Kevin Martin's first solo full-length album under The Bug moniker for seven years could not be better timed, and could not be more needed: Fire - the third exhilarating part of an incendiary urban triptych, that began with 2008's explosive London Zoo via 2014's mind-melting Angels & Devils - is fourteen tracks that immolate the synapses, flail the body, that cinematically take you from arcing evocations of a bleak lock downed city-scape to swooping deep-focus close-ups of Martin and his collaborator's psyches at breaking point.
The aggression, the attitude, the vertiginous scope and subterranean incisiveness, the destabilizing unsettling frenzy of The Bug sound is marshalled to perfection throughout but Fire is no mere reanimation of the Bug's past - for Martin, the album is both a response to the unique circumstances of the past year but also a chance to reflect his own journey from reclusive sound-obsessive to family man, and his thirst - in a period of enforced hermetic isolation - for contact, for the mayhem that can only happen between people, noise and bass, the derangement of the senses that has been Bug's method and trajectory ever since it first crawled out of London's deepest corners in the late 90s. It's the Bug's best yet, possibly the most ferociously realized and immensely moving music Martin has ever made, and still touches on those initial cravings and impulses that first propelled London Zoo into your world like a pipe bomb through your letterbox. It's a hungry record in all senses.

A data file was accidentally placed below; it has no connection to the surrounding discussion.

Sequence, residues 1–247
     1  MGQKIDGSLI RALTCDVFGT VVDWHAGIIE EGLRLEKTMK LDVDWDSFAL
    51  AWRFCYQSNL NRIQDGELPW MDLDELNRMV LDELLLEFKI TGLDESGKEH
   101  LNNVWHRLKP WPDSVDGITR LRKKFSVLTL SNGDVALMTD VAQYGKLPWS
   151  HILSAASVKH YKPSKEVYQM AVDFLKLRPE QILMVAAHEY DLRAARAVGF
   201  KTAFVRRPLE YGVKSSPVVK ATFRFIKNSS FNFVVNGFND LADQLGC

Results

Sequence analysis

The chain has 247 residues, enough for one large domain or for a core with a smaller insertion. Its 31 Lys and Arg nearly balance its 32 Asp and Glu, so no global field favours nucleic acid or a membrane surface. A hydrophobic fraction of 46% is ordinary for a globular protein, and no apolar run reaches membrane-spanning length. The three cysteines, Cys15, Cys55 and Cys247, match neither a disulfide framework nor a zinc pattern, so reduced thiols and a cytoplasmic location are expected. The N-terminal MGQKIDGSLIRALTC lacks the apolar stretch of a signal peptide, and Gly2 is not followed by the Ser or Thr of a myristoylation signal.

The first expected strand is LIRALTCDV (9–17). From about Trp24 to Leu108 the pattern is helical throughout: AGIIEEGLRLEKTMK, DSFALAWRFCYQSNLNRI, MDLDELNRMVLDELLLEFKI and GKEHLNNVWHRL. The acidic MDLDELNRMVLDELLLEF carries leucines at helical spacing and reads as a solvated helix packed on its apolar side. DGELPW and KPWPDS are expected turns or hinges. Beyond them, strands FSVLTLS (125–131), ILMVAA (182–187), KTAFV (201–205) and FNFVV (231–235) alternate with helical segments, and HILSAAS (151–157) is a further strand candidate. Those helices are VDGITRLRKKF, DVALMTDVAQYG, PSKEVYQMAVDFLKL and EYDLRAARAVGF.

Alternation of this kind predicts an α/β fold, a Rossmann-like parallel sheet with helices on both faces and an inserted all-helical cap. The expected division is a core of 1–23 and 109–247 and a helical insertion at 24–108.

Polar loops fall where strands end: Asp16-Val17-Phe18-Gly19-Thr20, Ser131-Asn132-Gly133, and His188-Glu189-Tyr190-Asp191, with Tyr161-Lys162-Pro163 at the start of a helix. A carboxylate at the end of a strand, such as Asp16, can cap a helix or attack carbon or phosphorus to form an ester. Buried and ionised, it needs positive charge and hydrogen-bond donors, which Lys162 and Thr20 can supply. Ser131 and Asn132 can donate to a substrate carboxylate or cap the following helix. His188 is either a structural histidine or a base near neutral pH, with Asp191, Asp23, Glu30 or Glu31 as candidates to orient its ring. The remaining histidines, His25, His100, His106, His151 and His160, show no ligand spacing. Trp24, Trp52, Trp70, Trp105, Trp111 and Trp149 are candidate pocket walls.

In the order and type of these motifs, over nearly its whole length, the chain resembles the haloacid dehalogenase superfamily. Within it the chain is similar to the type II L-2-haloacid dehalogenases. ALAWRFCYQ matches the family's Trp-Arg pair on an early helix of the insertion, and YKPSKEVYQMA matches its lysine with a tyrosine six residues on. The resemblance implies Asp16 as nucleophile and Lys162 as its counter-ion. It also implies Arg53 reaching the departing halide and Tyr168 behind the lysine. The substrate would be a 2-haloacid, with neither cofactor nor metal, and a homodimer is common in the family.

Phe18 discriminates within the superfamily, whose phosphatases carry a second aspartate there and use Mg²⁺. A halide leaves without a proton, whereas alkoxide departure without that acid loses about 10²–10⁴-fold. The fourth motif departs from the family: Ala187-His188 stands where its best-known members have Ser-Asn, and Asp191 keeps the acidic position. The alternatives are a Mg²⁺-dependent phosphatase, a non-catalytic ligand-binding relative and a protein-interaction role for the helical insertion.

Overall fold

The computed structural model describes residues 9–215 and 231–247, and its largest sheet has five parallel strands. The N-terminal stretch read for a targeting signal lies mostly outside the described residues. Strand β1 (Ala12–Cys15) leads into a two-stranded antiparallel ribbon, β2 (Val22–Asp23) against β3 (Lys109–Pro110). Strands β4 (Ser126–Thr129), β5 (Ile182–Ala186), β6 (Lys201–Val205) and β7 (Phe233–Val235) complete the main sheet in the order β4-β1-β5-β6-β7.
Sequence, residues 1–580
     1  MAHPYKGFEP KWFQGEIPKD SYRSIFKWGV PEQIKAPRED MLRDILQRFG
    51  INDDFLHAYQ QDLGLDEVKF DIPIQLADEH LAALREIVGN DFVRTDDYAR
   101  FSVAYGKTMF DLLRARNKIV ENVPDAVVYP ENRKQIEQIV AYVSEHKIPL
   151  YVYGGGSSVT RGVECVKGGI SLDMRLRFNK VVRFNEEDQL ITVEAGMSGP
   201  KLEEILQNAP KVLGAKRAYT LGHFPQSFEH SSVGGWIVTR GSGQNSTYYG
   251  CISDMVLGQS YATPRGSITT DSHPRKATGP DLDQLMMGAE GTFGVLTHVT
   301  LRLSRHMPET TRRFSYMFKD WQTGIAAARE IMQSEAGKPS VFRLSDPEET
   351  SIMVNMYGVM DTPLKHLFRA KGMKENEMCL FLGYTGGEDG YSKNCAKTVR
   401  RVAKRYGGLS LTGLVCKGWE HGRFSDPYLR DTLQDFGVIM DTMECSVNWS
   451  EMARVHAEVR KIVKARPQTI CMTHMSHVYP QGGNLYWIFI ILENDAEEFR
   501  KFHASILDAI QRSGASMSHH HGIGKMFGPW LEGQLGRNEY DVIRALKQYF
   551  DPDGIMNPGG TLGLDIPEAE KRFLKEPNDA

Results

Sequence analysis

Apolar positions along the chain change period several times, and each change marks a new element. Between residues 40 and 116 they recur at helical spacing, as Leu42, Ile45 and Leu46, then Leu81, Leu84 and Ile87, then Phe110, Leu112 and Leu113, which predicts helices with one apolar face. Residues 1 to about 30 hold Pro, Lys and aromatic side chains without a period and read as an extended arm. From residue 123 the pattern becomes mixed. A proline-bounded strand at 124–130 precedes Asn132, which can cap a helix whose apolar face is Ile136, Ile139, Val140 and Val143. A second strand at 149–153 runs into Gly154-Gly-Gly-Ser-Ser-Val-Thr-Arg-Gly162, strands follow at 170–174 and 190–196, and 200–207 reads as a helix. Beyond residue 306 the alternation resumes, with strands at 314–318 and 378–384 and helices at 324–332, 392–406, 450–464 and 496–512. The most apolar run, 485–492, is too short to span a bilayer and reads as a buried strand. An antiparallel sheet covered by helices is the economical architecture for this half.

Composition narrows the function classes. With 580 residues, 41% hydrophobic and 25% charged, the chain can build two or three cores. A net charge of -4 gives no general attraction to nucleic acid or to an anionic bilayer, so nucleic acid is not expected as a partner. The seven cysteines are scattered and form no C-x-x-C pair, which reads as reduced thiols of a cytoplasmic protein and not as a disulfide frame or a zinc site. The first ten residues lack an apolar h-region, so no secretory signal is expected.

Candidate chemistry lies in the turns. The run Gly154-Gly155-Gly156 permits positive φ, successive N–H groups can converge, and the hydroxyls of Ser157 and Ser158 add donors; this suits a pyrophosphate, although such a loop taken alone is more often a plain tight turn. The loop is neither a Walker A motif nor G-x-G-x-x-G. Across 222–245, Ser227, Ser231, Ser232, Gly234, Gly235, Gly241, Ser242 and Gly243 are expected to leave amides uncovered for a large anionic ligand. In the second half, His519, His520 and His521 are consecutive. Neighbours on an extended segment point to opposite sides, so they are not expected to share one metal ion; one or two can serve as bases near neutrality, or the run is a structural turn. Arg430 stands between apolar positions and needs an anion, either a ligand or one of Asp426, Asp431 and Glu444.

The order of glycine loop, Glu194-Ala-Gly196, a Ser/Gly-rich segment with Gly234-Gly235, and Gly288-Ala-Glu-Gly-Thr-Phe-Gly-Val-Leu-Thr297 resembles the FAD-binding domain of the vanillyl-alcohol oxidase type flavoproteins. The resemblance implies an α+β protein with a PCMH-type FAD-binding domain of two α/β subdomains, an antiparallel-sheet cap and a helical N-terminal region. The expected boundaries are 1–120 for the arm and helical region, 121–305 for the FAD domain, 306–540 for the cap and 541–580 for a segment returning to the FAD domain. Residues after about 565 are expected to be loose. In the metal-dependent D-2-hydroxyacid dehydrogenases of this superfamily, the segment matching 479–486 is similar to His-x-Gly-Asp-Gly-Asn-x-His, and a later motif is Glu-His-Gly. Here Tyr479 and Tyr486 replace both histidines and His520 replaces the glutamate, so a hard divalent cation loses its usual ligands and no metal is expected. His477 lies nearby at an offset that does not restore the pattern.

The MCs featured (longtime likeminds like Flowdan, Roger Robinson, Moor Mother, Manga Saint Hilare, Irah & Daddy Freddy alongside relatively new names to the Bug stable like Logan, Nazamba and FFSYTHO) inevitably reflect the external madness of a world turned upside down, but also dig deep into themselves to craft reflective, pitilessly honest portrayals of the rage, resistance and resignation the last year has engendered in all of us. Check the juddering maelstrom of "Clash" wherein Logan matches every lunging hit of the kick and Martin's none-more-dank dubtronics with a diseased narrative of mental warfare and strife, or "Pressure" where Flowdan imperiously calls out the universe for a scrap over a beat so thunkingly rapacious its as if the ghost of Andy Weatherall has been reanimated for some rerubbing duties. Throughout Fire you can hear MCs and Martin upping the ante, pushed to new heights and lows by an ever-present, periphirally-glimpsed armageddon. The album is bookended by the TS Eliot Award winning poet and long term friend and collaborator Roger Robinson.